Saturday, January 25, 2014

Johan Roy Tolve Johansen

I wrote a story about my grandfather, Roy T. Johansen, in the third week of the "52 Ancestors" goal for 2014. This is the fourth week and I am writing another story about the same grandfather. He was born in February 1900 at Omaha, Nebraska to Danish immigrants, Johan Johansen and Juliane Hansen. He always wrote his name as "Roy T. Johansen" and on some records his name was recorded as Roy Thorvald Johansen.

In 1965 the whole story changed.

Grandpa was working for the Southern California Edison Company (SCEC) and in 1965 he wanted to retire. However, there was a glitch. He had to prove he was 65 years old. The story I always heard was that he couldn't retire if he couldn't prove he was 65 years old. The problem he encountered was that Nebraska was not keeping official state records of birth in 1900, the year he was born, so getting a birth certificate was impossible.

The story continued ...

Grandpa wrote letters to everyone he could think of that might have a record of his birth. He wrote to the schools he attended, the churches he attended, the places that he had worked as a youth. Eventually he found the little church in Omaha where he was christened as an infant and luckily they had the old record book where his name, birth date, christening date, and parents' names were recorded. I remember hearing that he obtained a birth certificate from the church where he was christened and that this certificate was used as his proof of age for his retirement.

Grandpa learned a lot more about himself as a result of finding his christening record. He learned that the name he had been going by his whole life was not the name he was given as his christening. Instead of being Roy Thorvald Johansen, he was christened as Johan Roy Tolve Johansen. When grandpa asked his half-brother Armand about his name, he was told that the "Tolve" meant 12 and he was given that name because he was his mother's 12th child.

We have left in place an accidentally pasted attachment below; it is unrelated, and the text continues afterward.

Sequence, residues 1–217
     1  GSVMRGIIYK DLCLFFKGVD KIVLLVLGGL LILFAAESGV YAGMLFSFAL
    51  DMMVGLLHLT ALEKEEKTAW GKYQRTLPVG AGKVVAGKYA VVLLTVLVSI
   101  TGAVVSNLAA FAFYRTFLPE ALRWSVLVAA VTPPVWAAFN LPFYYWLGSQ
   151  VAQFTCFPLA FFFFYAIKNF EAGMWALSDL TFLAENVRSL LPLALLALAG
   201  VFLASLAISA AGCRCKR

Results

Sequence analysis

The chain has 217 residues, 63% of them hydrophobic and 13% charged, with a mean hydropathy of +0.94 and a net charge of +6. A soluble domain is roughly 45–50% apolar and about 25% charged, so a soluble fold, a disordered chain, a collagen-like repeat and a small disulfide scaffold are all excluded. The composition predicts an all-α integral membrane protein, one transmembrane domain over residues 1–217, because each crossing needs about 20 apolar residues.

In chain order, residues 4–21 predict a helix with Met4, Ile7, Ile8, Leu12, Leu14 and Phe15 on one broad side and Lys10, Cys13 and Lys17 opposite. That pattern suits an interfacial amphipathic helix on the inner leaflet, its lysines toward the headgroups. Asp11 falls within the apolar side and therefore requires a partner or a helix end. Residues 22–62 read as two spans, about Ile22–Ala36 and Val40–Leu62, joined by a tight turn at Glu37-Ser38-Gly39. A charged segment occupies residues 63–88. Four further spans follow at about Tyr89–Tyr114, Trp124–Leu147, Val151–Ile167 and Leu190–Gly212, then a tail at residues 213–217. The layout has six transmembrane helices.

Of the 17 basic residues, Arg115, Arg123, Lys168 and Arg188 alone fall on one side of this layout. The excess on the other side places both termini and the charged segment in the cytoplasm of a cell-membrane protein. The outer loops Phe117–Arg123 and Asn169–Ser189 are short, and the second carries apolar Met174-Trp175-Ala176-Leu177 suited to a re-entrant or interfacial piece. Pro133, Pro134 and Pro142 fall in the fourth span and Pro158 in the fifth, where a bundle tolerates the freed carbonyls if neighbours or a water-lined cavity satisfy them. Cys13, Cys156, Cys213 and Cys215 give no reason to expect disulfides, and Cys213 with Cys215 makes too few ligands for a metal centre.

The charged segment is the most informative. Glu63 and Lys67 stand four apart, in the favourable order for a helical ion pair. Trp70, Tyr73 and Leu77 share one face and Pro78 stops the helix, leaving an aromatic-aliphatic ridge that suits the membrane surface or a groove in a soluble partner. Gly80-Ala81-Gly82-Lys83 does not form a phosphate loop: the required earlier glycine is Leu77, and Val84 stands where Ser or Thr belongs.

12 children in the Johansen family? How can that be? Grandpa only knew of five children, including himself. The oldest was Armand, then Carrie, and Hans. The three oldest were grandpa's half-siblings. His biological sister was named Alma. That's the family that grandpa knew and grew up with. Where were the other seven children? Who were they? Boys, girls, who knows? No one knew the answers. Grandpa passed away never knowing the names of his 7 other siblings.

Last week in the "52 Ancestors" series I wrote about the scrapbooks that my grandpa Johansen kept. In one scrapbook he pasted all the replies he received from the letters he wrote to prove his date of birth. I searched every scrapbook for the "official" birth certificate he received from the church where he was christened. I asked every family member if they knew where the certificate was. No one had seen the certificate. We assume grandpa gave the certificate to the Southern California Edison Company when he applied for retirement.

In one of the scrapbooks I also found a birth certificate that I thought was a copy of a delayed record of his birth. However, it proved to be a form that my grandfather filled out, but never submitted to the state for official filing. It's no doubt that this is grandpa's handwriting. I would recognize his handwriting anywhere: